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France: What’s happened to your promises about freedom of speech?

by Théophane Le Méné

" Censorship seems to have become the new weapon destined to silence those who it has proved impossible to convince by other means "

For at least two hundred years we French have boasted about how, we have, in our own country, defined the all the fundamental freedoms, not least amongst which, the freedom of speech. We watched over this freedom like a mother hen tending her eggs, and, not content with that, monitored, not without the arrogance attributed to us by many foreign countries, the degree to which our neighbours took inspiration from our initiative, sometimes even going to war to defend it. The French cockerel was singing loud and strong, and France took a swaggering pride in its achievements. When the cockerel screeched and certain people took exception, we brandished the memory of Voltaire and intoned his famous, though apocryphal phrase: “I do not agree with what you say, but I will defend to the death your right to say it.”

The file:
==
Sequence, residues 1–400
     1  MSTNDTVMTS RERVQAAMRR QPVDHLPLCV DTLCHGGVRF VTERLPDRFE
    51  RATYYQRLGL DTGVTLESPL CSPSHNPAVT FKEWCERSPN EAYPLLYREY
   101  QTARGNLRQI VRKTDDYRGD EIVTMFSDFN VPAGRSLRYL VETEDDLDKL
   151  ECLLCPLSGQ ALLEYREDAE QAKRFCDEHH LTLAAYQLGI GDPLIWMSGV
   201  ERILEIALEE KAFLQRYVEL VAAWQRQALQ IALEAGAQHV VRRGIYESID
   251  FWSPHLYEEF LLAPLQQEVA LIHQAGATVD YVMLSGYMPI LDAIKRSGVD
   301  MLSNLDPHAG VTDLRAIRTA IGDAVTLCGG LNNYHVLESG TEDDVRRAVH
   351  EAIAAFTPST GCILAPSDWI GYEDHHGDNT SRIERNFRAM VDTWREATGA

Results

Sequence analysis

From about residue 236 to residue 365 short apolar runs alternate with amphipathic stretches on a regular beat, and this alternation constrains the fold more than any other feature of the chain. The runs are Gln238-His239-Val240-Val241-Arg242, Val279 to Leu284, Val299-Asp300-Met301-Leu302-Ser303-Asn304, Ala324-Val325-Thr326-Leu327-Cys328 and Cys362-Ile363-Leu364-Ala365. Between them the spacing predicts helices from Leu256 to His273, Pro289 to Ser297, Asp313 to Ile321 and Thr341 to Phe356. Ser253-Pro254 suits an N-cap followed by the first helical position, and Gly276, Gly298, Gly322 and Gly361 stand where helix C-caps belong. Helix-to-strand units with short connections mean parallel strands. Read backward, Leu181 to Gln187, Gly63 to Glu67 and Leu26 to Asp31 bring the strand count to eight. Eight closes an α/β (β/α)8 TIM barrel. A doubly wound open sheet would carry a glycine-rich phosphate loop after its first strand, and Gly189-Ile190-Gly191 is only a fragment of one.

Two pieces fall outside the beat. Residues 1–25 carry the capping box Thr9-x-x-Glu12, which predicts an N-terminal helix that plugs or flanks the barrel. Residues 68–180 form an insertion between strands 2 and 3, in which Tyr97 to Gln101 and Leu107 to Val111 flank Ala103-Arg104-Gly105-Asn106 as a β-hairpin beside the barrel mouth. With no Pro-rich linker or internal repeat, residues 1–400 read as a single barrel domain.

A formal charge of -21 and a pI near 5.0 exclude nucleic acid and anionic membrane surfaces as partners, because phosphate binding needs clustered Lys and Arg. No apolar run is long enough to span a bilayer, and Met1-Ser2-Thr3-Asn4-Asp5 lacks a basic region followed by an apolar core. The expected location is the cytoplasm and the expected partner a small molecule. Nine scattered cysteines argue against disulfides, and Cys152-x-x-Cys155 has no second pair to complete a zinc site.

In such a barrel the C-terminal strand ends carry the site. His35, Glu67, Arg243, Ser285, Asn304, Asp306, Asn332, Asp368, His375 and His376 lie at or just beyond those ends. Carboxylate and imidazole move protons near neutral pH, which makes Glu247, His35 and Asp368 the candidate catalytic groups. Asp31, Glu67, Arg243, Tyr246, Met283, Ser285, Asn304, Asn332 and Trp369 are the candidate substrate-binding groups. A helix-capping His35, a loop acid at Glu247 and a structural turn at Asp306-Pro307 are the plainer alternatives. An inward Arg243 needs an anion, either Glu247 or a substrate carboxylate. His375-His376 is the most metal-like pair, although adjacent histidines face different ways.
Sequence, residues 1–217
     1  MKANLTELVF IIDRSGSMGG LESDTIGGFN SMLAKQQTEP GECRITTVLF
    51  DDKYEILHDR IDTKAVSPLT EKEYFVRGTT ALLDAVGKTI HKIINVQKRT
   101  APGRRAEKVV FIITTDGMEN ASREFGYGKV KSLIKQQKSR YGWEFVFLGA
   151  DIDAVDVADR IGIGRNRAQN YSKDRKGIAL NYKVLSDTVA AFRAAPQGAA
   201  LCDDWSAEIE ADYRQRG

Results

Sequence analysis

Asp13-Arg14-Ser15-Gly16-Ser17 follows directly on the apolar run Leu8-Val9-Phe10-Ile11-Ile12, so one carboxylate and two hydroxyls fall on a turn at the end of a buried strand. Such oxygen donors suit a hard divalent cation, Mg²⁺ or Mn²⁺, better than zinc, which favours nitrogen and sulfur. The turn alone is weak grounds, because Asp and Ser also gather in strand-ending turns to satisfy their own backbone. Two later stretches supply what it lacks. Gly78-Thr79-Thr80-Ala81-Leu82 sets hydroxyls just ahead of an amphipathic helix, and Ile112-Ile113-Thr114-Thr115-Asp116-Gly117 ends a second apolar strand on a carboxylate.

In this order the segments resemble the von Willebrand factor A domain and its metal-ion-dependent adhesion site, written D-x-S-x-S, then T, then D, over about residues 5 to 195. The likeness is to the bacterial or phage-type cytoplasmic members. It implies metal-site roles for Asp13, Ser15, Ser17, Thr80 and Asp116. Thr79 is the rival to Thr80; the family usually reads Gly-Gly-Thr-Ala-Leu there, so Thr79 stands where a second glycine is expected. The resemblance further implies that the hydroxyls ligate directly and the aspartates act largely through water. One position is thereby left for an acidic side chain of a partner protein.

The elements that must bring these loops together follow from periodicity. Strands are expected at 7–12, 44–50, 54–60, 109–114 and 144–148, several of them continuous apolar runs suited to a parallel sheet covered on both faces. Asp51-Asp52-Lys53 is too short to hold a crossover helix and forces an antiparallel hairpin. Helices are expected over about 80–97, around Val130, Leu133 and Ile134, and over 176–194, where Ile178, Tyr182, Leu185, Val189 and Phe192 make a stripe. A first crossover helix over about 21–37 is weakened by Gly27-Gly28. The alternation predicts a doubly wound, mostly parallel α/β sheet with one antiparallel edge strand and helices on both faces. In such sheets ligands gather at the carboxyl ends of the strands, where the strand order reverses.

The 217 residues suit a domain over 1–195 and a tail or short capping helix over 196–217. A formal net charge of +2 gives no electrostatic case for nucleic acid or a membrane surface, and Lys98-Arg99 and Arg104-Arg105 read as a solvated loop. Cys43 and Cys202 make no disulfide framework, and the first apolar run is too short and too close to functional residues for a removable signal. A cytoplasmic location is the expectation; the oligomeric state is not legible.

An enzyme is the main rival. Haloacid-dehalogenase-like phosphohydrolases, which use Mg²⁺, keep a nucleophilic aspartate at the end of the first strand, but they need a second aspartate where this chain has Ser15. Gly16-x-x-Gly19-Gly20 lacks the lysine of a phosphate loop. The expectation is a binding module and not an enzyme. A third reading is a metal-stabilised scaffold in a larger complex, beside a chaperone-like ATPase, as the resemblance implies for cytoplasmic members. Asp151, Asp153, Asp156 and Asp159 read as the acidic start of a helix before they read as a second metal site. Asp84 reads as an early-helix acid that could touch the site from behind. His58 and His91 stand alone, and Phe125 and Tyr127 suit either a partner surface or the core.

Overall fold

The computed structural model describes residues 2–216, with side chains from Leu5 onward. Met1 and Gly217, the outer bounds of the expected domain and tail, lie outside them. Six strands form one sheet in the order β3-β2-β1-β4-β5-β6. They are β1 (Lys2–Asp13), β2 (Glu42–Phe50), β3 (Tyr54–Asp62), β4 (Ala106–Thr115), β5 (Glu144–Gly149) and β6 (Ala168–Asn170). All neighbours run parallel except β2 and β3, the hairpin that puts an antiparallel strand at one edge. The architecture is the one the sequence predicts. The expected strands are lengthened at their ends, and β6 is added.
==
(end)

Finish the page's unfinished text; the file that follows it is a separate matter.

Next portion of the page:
Older people remember. In a period which those under twenty cannot know, there were certain things that could be said, and, what’s worse, laughed at. The extraordinary French humorist, Pierre Desproges, was capable of upsetting Jewish sensibilities in exalting, with striking cynicism, the kind of clichés that led to the genocide in the first place, and of flustering feminists – who had discovered a sense of indignation long before Stephane Hessel wrote his pamphlet on the subject –, while at the same time joking about the foibles of mainstream society. Nor was the ever-hilarious Coluche a slouch in this regard, parodying the antiracism of which he was the involuntary progenitor and making ironic comments about homosexuality. Even in public life, politicians were still able to speak straightforwardly without having to worry about the kind of anathema that would inevitably be thrown at them today. For good or ill, Jacques Chirac once evoked, without embarassment, “the noise and smells” that he attributed to a failure to assimilate foreigners. Such a comment would be unimaginable today. Some will also remember the speech delivered by Georges Marchais, then Secretary-General of the French Communist Party, in February 1981 at Montigny-lès-Cormeilles, criticising, with a certain rhetorical violence, the damage caused by immigration. Indeed, when we look back at the past, there is no shortage of examples. Plain speaking and laughter. Who would dare say such things today and run the risk of subjecting themselves to the opprobrium of our institutions? To see themselves branded as homophobes, anti-semites or racists, a trinity of self-referencing evil that makes it possible to ban anyone from any field whatsoever.